In November 2000 Intel introduced the new and very powerful high-end chip Pentium 4, formerly known as codename "Willamette". It was (as expected) delayed.
The Pentium 4 is a completely new processor holding several new designs. Here is a highlight:
The Rapid Execution Engine
Advanced Dynamic Execution means that the processor may execute up to 6 instructions simultanously.
Using Rapid Execution Engine certain instructions may be executed at twice the normal speed.
20 stages of pipeline
The pipeline is a execution unit which takes in decoded micro-instructions. The X86 instructions are first decoded and then sent to the pipeline. The longer the pipeline is, the quicker an instruction can be executed. Each stage executes a minor part of the work and by spreading the work on "more hands", the efficiency is increased.
In Pentium III the pipeline was of 10 stages. In Pentium 4 it has been increased to 20 stages.
The problem with the long pipeline is, that it takes to longer time load the instruction. And if the instruction should not have been loaded at all, the error is most costly (in time) the longer the pipeline becomes.
With many instructions being executed simultanously you cannot avoid loading the wrong instruction (called misprediction) from time to time. And a shorter pipeline is quicker to recover this error - fewer stages has to be cleared and reloaded.
The analytic work preventing mispredictions is done by the Branch Prediction Unit. This has, according to Intel, been improved with a 30% better performance compared to the Pentium III.
Stalling is another phenomen. Normally the data to be used is located in the cache. But if, for some reason, the data is missing in the cache, it has to be loaded from RAM. This takes a lot of time, and the longer the pipeline is the longer time it takes.
The benefit from a pipeline increased from 10 stages to 20, is to open up for new higher clock frequencies. When each instruction is executed in more stages, it can be done a lot quicker.
At lower frequencies this gives no advantage. In fact all reports indicate that a 2000 MHz Pentium 4 is slower than a 1600 MHz AthlonXP. This is due to the difficult prediction of the order of the instructions. Wrong predictions gives wasted clock cycluses and a poorer performance.
However, a longer pipeline is required for processor speeds above 2 GHz. Intel expects this new NetBurst core to live three to five years. Hence we may expect Pentium 4 successors to reach 5 GHz or more.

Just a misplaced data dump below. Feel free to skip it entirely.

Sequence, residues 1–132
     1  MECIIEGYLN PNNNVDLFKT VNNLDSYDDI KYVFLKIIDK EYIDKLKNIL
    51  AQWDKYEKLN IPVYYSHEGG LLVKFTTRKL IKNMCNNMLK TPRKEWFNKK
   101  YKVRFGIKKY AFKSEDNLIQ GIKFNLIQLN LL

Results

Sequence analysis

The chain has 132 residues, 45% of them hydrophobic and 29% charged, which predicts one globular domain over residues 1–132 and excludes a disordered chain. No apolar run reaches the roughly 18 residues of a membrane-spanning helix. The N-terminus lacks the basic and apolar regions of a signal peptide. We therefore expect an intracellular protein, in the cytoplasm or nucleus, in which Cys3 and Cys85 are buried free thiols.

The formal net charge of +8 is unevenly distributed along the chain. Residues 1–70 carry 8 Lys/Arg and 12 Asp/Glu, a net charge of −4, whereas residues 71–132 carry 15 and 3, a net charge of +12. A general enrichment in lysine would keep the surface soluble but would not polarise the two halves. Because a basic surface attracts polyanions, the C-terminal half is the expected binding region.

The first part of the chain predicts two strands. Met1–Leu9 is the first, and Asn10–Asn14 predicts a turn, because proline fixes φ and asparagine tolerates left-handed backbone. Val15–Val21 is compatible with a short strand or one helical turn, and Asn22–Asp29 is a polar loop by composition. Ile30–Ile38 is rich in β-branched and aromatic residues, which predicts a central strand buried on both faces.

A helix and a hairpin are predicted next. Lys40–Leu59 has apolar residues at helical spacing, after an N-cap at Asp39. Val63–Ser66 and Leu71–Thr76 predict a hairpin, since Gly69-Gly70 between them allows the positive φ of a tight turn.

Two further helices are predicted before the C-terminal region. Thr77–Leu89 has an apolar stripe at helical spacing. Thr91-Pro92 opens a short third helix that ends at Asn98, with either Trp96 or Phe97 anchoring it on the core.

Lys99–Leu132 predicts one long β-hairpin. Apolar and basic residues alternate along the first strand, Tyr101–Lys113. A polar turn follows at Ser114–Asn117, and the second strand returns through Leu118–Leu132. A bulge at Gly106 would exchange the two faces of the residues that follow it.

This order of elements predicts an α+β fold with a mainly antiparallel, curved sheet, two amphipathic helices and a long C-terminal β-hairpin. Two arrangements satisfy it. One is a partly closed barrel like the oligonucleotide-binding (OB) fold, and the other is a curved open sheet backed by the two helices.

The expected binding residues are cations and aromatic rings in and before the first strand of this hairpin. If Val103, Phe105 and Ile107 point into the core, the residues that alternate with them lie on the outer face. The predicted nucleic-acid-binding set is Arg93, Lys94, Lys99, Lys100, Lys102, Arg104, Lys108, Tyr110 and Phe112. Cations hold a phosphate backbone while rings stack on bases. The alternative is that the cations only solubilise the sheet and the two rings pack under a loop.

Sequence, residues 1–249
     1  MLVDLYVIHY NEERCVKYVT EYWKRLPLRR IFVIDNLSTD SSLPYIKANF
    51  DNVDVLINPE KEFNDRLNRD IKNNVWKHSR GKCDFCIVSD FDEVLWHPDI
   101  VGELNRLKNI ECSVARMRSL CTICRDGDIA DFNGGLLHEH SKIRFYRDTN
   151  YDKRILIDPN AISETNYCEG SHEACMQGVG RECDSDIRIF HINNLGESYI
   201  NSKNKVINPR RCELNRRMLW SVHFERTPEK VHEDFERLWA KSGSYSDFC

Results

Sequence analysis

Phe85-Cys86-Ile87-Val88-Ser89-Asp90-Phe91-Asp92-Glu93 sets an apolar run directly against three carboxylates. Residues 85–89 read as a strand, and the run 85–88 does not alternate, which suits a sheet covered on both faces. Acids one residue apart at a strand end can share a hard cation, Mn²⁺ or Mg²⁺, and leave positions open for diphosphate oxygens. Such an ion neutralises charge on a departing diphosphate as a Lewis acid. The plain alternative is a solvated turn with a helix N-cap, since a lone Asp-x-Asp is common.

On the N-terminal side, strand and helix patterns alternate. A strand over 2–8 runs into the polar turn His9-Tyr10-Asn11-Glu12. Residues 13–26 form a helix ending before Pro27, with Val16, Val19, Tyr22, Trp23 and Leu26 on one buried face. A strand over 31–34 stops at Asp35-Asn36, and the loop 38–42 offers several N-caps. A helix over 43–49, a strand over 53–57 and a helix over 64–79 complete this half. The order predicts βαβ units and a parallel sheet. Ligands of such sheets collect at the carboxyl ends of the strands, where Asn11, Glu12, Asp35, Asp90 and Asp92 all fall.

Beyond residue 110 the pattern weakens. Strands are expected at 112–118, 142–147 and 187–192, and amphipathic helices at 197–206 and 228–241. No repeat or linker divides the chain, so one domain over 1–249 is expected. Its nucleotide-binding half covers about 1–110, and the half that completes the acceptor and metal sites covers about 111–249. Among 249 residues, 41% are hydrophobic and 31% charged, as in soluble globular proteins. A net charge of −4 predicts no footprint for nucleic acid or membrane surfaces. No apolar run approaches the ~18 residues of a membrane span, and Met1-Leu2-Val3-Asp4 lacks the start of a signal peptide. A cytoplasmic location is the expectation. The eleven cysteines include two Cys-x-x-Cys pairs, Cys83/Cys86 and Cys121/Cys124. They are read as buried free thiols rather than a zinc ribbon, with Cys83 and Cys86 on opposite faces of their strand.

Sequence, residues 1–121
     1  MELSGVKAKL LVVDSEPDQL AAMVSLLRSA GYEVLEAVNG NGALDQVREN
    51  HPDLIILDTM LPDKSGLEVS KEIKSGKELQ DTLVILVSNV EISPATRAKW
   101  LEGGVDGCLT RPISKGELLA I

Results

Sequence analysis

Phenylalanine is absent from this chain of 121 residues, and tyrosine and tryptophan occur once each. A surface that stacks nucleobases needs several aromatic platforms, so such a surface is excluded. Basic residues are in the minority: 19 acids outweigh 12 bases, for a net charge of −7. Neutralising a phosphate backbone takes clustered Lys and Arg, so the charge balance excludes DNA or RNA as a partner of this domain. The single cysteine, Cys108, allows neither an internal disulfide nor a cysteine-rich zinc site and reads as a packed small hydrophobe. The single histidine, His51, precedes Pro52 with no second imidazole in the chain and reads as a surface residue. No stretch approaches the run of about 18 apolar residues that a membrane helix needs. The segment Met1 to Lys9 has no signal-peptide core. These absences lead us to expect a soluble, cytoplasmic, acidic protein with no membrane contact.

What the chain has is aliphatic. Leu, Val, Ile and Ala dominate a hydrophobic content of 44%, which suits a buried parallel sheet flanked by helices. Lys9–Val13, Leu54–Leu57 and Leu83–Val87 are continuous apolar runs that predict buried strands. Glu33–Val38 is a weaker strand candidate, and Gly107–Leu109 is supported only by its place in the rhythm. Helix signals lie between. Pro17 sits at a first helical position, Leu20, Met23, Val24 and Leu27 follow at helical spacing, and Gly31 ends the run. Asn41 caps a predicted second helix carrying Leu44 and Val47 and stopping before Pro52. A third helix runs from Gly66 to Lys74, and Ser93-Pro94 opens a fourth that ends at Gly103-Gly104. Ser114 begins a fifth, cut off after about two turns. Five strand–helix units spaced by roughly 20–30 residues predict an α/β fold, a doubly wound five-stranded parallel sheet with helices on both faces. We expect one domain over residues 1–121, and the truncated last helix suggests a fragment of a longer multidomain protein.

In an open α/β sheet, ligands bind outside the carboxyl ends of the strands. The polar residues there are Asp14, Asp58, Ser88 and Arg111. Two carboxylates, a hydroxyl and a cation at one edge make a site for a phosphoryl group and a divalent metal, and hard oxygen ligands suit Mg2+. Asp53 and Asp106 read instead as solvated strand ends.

The Streaming SIMD (Single Instruction Multiply Data) Extensions known from Pentium III has been improved. The data width has doubled from 64 to 128 bit.
Also 144 new instructions in SSE2 gives more parallel execution. Now four Internet/Multimedia-based operations can be executed simultanously. The new design appears to have been accepted by software developers, and it will probably be very useful within programs like Photoshop.
The Execution Trace Cache
The Pentium 4 is the first CPU to have a "code cache". All instructions are translated inside the CPU. This happens in all modern x86 processors. They receive x86 instructions from the software. These instructions are "crunched" into smaller instructions which then are executed natively.
The new thing in Pentium 4 is that these translated instructions are cached and reused. The logic of this setup may look like this:
This new cache, being a part of the L1 cache holds 12 KB. Together with 8 KB of data cache, the L1 cache consists of 20 KB.
The first Pentium 4s were giant chips with a die size of 247 mm2. The 42 millions of transistors uses 60 watts and requires heavy cooling. However, Intel has done a lot to provide sufficient cooling using new materials and design.
The first Pentium 4s came with a 423 pin design. These CPUs could only use RDRAM, which only requires few pins interface.
Later came a 478 pin design with support for SDRAM.
The chip set i850 ("Tehama") is using a dual RDRAM bus. This is also heating up the MCH (north bridge) chip, so additional cooling is required.
The Intel i845 chipset was introduced August 2001. It gives an interface to standard 133 MHz SDRAM. This chipset is found in many cheap Pentium 4 computers.
Support for 266 MHz DDR RAM is found in the VIA P4X266 and P4X266A chipsets to be used with Pentium 4 (against Intels will; they don't like VIA at all).
SIS 645 is a chipset for Pentium 4 with support for both 266 and 333 MHz DDR RAM.
The i845D chipset
December 2001 Intel suddenly introduced a new flavour of the 845 chipset. It is designed to use with DDR-RAM!
There was no press releases about this product. Searching Intel's web for info on this chipset gave no result (December 27th 2001):
However the i845D chipset was found in computers from Dell and others.
Intel has been under a hard pressure from AMD, VIA, and the Taiwanese motherboard companiess in all 2001, and it was fine to see, that they finally had to adapt to common sense. DDR is the RAM type to use - almost nobody wants RAMBUS! And Intel's dominating position in the market will promote better DDR RAM products.
On January 7th 2002 Intel introduces a new 2.2 GHz version of the Pentium 4.
This processor comes with the new Northwood kernel: